by: Sharon Leder on February 4th, 2016 | 1 Comment »
Many of us who are Jewish feminists returned from the National Women’s Studies Association Conference in Milwaukee (November 2015) with inboxes full of email from colleagues who were stunned by the association’s passage of a BDS resolution boycotting Israel. The NWSA-BDS resolution is an endorsement of “the 2005 call by Palestinian civil society for Boycott, Divestment and Sanctions (BDS) of economic, military and cultural entities and projects sponsored by the state of Israel,” that is a general BDS of all Israeli institutions, including “Israeli institutions of higher learning” that “have not challenged, but instead legitimized, Israel’s oppressive policies and violations” (www.nwsa.org/content.asp?contentid=105). The resolution was circulated at the 2015 conference along with a list of Frequently Asked Questions. The answers to questions about boycotting Israeli institutions of higher learning gave conditions for permissible and non-permissible communications between Israeli and U.S. academics that were contradictory and did not identify the “complicit” institutions of higher learning.
For many, this resolution stung as hugely insensitive to the diversity of opinion within the Jewish membership of NWSA. In a pro BDS plenary at the 2015 NWSA Conference on violence against Native women, Latino women, and Palestinian women, for example, not a word was uttered about the genocidal violence committed against Jewish women, men and children in the 20th century, let alone previous centuries. It felt like a throwback to the 1980s, when Women’s Studies was a fledgling interdisciplinary field that that was blind to Jewish women and anti-Semitism. Introductory Women’s Studies courses covered the discriminatory experiences of women of color, lesbians, working and middle-class Western women, and later women, gender and sexuality from a global perspective, but omitted Jewish women and anti-Semitism from the canon. The persistent absence of anti-Semitism and diverse Jewish women’s realities from the Women’s Studies canon has allowed a one-sided platform to dominate NWSA dialogue about BDS and about conflicts in Israel.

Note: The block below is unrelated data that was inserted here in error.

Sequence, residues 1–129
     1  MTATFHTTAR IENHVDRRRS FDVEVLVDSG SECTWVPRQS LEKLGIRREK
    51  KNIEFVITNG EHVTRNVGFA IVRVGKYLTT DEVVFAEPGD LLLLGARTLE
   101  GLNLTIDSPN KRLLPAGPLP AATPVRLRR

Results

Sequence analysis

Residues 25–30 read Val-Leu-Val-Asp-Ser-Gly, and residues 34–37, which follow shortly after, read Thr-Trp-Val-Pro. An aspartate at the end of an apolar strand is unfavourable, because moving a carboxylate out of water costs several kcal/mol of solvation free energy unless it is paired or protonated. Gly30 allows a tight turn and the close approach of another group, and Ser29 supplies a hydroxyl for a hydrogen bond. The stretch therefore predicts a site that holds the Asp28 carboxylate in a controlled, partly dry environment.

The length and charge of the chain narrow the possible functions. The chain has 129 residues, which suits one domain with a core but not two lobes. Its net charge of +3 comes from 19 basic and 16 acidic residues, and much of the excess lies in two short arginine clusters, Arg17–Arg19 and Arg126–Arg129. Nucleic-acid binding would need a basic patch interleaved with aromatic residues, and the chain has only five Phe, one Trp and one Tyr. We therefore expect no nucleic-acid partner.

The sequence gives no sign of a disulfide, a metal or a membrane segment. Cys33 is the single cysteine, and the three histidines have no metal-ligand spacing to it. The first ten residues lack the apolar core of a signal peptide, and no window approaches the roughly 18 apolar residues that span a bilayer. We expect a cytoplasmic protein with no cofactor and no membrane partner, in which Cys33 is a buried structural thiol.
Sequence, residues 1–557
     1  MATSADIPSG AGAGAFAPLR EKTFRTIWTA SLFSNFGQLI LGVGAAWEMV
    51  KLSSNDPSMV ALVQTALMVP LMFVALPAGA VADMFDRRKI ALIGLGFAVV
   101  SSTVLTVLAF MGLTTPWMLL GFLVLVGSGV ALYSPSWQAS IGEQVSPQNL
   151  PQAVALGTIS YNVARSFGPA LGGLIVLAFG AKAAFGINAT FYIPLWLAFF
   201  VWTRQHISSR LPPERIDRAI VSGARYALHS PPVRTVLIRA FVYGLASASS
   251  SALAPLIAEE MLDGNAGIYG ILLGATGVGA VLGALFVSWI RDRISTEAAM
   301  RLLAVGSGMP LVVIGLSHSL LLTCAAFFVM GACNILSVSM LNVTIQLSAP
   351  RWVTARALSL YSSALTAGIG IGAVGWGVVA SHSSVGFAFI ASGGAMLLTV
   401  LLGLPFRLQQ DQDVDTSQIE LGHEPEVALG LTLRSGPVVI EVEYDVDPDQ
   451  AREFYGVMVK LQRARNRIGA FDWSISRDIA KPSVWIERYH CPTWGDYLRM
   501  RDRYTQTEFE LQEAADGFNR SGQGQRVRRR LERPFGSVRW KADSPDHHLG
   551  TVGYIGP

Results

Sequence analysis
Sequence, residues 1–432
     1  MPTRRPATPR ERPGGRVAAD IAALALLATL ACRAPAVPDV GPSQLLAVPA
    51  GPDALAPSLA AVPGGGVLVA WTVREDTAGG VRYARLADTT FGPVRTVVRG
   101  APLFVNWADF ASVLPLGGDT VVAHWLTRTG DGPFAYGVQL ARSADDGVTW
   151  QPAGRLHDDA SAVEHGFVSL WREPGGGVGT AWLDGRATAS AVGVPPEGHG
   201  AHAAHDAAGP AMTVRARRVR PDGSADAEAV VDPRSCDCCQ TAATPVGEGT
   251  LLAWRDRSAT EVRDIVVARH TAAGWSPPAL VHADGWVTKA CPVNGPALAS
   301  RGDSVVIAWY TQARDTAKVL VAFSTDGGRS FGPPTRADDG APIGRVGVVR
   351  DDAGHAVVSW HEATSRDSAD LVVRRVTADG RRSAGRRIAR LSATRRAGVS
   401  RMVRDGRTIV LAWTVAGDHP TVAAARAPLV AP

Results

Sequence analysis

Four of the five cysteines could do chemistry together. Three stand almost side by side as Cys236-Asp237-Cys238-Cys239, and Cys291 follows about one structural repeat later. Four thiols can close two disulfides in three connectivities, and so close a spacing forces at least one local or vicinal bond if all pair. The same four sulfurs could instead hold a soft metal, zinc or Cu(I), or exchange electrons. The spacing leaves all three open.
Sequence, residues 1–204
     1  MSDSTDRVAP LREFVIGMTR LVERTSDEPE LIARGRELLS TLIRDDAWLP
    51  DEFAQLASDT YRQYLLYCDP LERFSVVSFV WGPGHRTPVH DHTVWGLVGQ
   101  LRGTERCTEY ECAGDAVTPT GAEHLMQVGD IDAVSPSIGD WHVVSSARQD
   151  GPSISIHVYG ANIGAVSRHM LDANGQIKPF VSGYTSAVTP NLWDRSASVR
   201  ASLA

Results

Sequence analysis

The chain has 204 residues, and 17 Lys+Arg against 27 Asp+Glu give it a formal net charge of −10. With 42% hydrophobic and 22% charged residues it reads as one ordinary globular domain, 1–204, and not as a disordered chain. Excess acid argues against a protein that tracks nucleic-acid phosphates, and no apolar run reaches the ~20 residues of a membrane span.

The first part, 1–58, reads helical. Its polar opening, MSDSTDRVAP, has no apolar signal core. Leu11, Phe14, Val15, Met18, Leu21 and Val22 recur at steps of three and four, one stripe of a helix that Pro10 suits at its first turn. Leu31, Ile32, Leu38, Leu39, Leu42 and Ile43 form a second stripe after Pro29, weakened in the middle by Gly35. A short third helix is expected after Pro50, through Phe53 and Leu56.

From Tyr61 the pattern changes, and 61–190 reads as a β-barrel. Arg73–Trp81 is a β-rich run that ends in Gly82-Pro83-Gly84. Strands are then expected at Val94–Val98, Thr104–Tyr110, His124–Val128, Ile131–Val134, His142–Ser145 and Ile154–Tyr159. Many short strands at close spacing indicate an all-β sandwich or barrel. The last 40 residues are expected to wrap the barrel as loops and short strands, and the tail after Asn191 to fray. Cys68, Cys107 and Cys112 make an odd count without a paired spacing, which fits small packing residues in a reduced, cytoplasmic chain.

When Jewish feminists attempted in the 1980s to include anti-Semitism in NWSA’s mission as an intersectional oppression, the statement wouldn’t pass unless Arabs and Jews were both included as victims of anti-Semitism. While this may be understandable on some levels, it becomes much less so when it is followed years later by an anti-Israel BDS resolution and plenary sessions that neglect to differentiate between a right wing government in Israel that has re-defined Zionism on its own religious, militaristic terms and the many Israelis on the left, Zionists for a democratic Israel, who are desperately calling out for coalitions with American Jews to end the Occupation, as demonstrated by the recent Ha’aretz Conference held in New York City (December 2015). In 2014, the NWSA plenary session in Puerto Rico, out of which support for BDS began, was devoted to settler colonialism. But the plenary completely excluded the varied positions within the Jewish left on the Occupation of the West Bank and Gaza, inviting only Jewish speakers whose positions reflected one left group, Jewish Voice for Peace. This group is committed to social and economic justice for Palestinians but, like BDS, has not clearly articulated whether “peace” means returning to the borders of 1948 or those of 1967. Following the plenary, the NWSA leadership called for a “straw vote” asking those in the audience of approximately 2,500 who supported BDS to stand up. An ad hoc group was then formed, Feminists for Justice in/for Palestine, the group that then proposed the NWSA-BDS resolution in 2015. The Jewish Caucus in the NWSA, which reflects a diversity of Jewish left perspectives on both settler colonialism and BDS, was not once consulted at any point in this conversation. No one represents the NWSA Jewish Caucus in this ad hoc group. This omission of the NWSA’s own caucus bespeaks a fear of Jewish opinion. While the Caucus has been struggling to survive within NWSA since the 1980s, many members recently resigned due to NWSA’s pro-BDS stance, causing further erosion.